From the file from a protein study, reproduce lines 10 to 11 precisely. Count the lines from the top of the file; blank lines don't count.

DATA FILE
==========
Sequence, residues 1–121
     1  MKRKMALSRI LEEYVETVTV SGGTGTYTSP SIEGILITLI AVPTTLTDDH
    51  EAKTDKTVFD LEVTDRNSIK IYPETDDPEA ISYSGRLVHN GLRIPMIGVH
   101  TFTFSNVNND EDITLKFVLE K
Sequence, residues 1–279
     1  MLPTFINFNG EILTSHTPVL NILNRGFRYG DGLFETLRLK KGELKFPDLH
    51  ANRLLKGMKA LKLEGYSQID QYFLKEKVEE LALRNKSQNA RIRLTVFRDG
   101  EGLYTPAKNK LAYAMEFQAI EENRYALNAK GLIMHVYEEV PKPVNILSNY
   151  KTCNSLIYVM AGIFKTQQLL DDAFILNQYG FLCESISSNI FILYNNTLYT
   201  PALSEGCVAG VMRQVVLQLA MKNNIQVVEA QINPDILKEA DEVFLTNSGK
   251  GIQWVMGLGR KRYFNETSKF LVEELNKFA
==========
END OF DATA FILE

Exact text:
   201  PALSEGCVAG VMRQVVLQLA MKNNIQVVEA QINPDILKEA DEVFLTNSGK
   251  GIQWVMGLGR KRYFNETSKF LVEELNKFA